Tip number 3 goes back to Grandma's rule. Do you remember Grandma’s rule? Grandma’s rule is work first, play later. That makes a whole lot of sense from a logical point of view. When we are in a state of depression, we kind of veg into a passivity that doesn't help us to get things done. You know that there's work that needs to be done, but you'd rather relax or play or whatever your depression is inviting you to do. So, going back to Grandma's rule, we work first and play later. Tell yourself, “Yes, I am going to lay down on the couch and take a nap. Or I'm going to play this video game after I do the time and effort goal.” That just puts it up in a chronological order that's a little easier to manage.

Tip number 4 gets back to positivity and how we train our mind to go a certain direction. Look at the clock. Do you see what time it is? How certain are you that 8 o'clock is coming? Now, I don't know what time it is right now when you are reading this blog, but I am pretty sure that 8 o'clock is still coming. Even if it's a minute or 2 after eight, because there's another one coming on the other end of the day. You see where I am going with this? 8 o'clock is coming. How sure are you that you will be around for 8 o'clock? I mean you've made it to every 8 o'clock so far your whole life and there's 2 every day for those who don't get up early. Notice that you've got 100% track record of showing up for eight o'clock.

There are two possibilities for what life will be like at the next 8 o’clock. They will be either worse or better. Things are not going to be the same. You may be more tired or hungry, but you will at least be a little older. So, by your own evaluation, which you can't turn off, things have to be either better or worse at 8 o'clock. Here's the brain hack. Better by 8. BB8 for short. Can you find some way to make things a little better by 8:00? Yes, you can. It doesn't have to be a total transformation. Just a little better. Can you do that? How does that feel? Better by 8:00.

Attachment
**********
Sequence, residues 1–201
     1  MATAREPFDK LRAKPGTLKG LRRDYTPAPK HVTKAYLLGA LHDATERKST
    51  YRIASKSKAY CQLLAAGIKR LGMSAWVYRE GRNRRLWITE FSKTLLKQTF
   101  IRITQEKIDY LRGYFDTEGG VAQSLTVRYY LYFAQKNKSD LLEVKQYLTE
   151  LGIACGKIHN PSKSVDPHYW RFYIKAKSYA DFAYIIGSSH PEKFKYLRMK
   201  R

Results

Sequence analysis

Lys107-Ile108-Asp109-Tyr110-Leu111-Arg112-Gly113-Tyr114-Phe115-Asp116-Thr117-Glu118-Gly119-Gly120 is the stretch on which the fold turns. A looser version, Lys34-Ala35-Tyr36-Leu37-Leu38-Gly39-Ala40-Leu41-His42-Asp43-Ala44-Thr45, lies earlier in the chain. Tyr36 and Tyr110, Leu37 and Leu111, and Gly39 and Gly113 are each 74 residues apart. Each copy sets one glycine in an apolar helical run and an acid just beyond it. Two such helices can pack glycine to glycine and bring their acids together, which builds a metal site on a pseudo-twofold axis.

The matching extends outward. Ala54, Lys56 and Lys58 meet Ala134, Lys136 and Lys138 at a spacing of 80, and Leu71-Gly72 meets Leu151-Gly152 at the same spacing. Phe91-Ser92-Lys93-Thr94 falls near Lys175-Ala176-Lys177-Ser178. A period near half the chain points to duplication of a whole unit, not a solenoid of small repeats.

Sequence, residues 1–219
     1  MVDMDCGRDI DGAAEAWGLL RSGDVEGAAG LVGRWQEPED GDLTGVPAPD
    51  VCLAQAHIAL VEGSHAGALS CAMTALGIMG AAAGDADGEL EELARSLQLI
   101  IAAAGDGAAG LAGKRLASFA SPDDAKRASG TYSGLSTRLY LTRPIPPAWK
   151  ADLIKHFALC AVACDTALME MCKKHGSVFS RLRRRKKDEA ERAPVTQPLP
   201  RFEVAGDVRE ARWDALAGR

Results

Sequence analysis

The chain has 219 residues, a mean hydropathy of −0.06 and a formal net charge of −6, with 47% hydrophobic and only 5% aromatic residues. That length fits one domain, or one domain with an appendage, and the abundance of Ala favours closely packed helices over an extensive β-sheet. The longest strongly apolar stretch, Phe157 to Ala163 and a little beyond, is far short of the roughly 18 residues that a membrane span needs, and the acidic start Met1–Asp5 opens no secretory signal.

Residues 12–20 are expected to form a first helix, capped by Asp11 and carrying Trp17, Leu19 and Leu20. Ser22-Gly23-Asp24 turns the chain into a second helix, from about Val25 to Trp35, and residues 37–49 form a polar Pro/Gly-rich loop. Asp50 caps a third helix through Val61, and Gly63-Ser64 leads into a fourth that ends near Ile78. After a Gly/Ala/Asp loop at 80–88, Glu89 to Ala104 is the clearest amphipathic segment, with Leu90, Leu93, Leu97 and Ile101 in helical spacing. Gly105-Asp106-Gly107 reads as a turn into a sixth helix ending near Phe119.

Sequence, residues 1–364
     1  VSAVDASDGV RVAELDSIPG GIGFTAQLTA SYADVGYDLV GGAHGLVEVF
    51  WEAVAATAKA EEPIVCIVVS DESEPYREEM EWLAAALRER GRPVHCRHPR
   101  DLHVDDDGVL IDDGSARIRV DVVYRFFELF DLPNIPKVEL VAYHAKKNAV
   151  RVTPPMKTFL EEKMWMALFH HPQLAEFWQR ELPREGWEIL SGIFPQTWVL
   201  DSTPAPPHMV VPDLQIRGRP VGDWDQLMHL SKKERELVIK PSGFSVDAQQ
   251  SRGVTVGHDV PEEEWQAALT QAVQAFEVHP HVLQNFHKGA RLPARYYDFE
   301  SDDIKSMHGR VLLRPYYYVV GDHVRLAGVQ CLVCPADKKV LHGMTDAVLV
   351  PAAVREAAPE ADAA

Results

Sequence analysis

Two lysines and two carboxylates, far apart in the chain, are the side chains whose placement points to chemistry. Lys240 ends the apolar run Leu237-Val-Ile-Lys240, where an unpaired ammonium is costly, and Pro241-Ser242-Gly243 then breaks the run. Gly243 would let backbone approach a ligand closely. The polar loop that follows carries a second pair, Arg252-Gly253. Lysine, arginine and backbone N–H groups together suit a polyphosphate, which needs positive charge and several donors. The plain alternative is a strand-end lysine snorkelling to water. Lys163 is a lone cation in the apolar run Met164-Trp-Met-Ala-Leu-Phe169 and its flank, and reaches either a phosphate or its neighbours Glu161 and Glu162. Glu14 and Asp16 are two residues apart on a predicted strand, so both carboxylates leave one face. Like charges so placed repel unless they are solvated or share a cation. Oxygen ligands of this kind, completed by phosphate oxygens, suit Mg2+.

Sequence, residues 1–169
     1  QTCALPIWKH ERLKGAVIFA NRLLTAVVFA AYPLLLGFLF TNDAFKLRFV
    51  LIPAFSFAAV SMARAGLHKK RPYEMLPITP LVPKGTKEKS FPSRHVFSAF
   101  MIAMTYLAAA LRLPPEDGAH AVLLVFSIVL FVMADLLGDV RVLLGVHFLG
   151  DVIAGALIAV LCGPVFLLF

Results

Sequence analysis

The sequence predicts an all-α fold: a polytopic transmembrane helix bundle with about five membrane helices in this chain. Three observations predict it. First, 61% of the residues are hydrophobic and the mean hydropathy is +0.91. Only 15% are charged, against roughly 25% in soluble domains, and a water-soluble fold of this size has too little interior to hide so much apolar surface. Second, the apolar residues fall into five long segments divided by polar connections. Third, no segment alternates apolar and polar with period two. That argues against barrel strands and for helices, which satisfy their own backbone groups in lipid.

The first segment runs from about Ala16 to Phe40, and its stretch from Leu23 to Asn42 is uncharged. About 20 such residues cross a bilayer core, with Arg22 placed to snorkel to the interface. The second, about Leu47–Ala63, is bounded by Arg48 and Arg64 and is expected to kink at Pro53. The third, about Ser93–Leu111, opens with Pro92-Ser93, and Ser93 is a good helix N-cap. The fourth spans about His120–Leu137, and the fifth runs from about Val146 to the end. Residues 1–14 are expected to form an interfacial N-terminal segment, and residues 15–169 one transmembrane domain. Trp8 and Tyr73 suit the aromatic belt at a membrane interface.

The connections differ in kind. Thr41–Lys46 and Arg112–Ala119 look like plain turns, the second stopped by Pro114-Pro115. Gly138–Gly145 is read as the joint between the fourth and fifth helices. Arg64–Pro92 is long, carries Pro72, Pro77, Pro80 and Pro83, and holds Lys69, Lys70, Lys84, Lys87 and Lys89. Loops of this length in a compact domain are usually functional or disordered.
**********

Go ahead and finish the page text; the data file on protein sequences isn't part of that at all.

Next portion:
Tip 5 takes into account the other strategies that we have already talked about. In the time and effort goal say we commit to just a half hour of work. Now, before you start, go on a brisk walk. Take the first 10 minutes of that half hour to go on a brisk walk. Get your blood flowing. Get out, move around, go outside. This is essential to your brain functioning. What you'll find is you will accomplish more in the 20 minutes after your walk than you would have accomplished in a half hour without it. You will also feel better. Remember, depression staps the energy. It sucks the energy out of you for the things that will actually help you.

Hopefully these tips will give you some place to start. I am all about principles of positivity. To power-up your positivity, I've put together a 6-module course. When you complete this course, you will feel more positive. You will have more energy. You will know how to approach relationships and stress and anxiety and fear. This is a powerful course intended to put you in position to succeed. If you are ready for your Positivity Power- Up, please visit